A new drug may help cancer patients mobilize the cells necessary to restore their blood-forming system after high-dose chemotherapy, according to results from a clinical trial at the Kimmel Cancer Center at Thomas Jefferson University Hospital in Philadelphia and at other centers across the nation.
In the phase II trial, researchers were attempting to determine if patients with multiple myeloma or non-Hodgkins lymphoma who received the drug AMD-3100 along with the standard drug G-CSF (granulocyte-colony stimulating factor) would have more stem cells available for transplantation.
AMD-3100 blocks a specific cellular receptor, triggering the movement of stem cells out of the bone marrow and into the circulating blood, boosting the supply of marrow stem cells available for transplantation. Stem cell transplantation entails collecting certain types of cells known as hematopoietic stem cells from patients who receive treatment with high-dose radiation and/or chemotherapy for cancers such as leukemias, lymphomas and multiple myeloma, all of which involve the blood and immune system. The cells, once returned to the body, help restore the blood-forming system within the bone marrow – and the bodys immune system, which is severely damaged if not destroyed by treatment.
Steve Benowitz | EurekAlert!
First time-lapse footage of cell activity during limb regeneration
25.10.2016 | eLife
Phenotype at the push of a button
25.10.2016 | Institut für Pflanzenbiochemie
Ultrafast lasers have introduced new possibilities in engraving ultrafine structures, and scientists are now also investigating how to use them to etch microstructures into thin glass. There are possible applications in analytics (lab on a chip) and especially in electronics and the consumer sector, where great interest has been shown.
This new method was born of a surprising phenomenon: irradiating glass in a particular way with an ultrafast laser has the effect of making the glass up to a...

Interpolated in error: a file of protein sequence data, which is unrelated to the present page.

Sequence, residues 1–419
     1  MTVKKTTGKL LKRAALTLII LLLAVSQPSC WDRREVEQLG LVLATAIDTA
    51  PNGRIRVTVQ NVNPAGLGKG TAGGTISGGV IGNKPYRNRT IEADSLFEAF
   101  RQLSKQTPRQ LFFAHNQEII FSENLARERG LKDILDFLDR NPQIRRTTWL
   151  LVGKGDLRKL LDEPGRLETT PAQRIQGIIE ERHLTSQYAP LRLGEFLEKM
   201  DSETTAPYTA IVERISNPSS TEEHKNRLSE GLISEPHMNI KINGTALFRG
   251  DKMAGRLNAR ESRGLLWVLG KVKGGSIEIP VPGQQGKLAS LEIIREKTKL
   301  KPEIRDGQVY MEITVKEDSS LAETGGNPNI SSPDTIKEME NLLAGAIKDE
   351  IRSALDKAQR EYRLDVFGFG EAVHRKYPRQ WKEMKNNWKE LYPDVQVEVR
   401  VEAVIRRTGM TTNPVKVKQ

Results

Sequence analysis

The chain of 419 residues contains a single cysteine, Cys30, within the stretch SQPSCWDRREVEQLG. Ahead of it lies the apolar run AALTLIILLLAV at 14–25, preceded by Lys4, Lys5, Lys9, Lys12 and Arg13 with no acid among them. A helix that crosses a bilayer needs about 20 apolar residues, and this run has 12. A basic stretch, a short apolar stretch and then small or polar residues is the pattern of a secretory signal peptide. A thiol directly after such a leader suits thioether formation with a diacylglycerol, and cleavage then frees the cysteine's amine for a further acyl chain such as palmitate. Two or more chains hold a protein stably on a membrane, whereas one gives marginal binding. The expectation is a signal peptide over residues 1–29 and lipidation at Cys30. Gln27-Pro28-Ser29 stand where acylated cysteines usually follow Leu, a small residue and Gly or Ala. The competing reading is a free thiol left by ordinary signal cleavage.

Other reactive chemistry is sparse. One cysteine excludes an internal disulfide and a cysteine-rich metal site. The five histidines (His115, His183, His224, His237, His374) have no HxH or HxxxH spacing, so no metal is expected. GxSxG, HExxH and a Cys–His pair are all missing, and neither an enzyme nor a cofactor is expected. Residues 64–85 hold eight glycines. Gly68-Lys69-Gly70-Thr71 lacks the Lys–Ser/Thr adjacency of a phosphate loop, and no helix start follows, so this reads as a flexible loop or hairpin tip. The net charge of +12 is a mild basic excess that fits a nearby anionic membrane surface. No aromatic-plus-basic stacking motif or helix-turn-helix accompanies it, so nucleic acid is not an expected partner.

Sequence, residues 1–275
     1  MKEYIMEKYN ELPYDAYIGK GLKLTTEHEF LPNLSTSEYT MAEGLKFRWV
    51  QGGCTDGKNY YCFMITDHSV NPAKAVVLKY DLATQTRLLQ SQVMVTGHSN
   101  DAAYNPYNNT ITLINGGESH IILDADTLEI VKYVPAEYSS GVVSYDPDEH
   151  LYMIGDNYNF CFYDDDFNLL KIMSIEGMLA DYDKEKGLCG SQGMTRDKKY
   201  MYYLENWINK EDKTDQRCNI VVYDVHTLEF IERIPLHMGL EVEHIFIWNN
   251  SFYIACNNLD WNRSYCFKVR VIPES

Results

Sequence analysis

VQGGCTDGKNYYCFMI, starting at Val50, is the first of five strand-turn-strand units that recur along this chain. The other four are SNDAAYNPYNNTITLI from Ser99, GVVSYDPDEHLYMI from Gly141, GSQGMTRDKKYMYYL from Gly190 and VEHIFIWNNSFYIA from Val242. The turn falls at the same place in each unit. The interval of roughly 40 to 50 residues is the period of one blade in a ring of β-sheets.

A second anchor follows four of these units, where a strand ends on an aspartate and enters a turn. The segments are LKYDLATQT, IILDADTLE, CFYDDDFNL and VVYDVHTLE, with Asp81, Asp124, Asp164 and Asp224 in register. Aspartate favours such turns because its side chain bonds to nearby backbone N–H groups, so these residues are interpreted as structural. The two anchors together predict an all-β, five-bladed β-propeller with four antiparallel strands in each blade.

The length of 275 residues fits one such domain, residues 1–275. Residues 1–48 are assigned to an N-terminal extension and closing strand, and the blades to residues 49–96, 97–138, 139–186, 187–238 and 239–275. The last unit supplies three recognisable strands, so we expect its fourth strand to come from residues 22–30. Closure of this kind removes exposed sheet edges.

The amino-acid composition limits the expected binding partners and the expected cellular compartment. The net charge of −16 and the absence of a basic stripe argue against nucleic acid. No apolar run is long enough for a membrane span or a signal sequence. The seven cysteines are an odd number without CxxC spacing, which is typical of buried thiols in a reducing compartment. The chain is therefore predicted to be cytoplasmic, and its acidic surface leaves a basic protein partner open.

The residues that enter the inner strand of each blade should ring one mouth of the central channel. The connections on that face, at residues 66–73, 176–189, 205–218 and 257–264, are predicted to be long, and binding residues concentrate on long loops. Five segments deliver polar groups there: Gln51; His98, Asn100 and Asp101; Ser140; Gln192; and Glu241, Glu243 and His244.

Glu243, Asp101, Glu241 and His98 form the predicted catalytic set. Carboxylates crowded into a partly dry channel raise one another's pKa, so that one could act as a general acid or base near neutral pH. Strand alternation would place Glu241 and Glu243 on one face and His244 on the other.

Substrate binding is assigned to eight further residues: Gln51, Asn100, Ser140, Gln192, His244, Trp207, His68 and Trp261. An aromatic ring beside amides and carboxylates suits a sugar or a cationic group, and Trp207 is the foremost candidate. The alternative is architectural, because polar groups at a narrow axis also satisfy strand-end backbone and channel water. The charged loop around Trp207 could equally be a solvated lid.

Terahertz excitation of selected crystal vibrations leads to an effective magnetic field that drives coherent spin motion
Controlling functional properties by light is one of the grand goals in modern condensed matter physics and materials science. A new study now demonstrates how...
Researchers from the Institute for Quantum Computing (IQC) at the University of Waterloo led the development of a new extensible wiring technique capable of controlling superconducting quantum bits, representing a significant step towards to the realization of a scalable quantum computer.
"The quantum socket is a wiring method that uses three-dimensional wires based on spring-loaded pins to address individual qubits," said Jeremy Béjanin, a PhD...
In a paper in Scientific Reports, a research team at Worcester Polytechnic Institute describes a novel light-activated phenomenon that could become the basis for applications as diverse as microscopic robotic grippers and more efficient solar cells.
A research team at Worcester Polytechnic Institute (WPI) has developed a revolutionary, light-activated semiconductor nanocomposite material that can be used...
By forcefully embedding two silicon atoms in a diamond matrix, Sandia researchers have demonstrated for the first time on a single chip all the components needed to create a quantum bridge to link quantum computers together.
"People have already built small quantum computers," says Sandia researcher Ryan Camacho. "Maybe the first useful one won't be a single giant quantum computer...
14.10.2016 | Event News
14.10.2016 | Event News
12.10.2016 | Event News
26.10.2016 | Awards Funding
26.10.2016 | Power and Electrical Engineering
26.10.2016 | Health and Medicine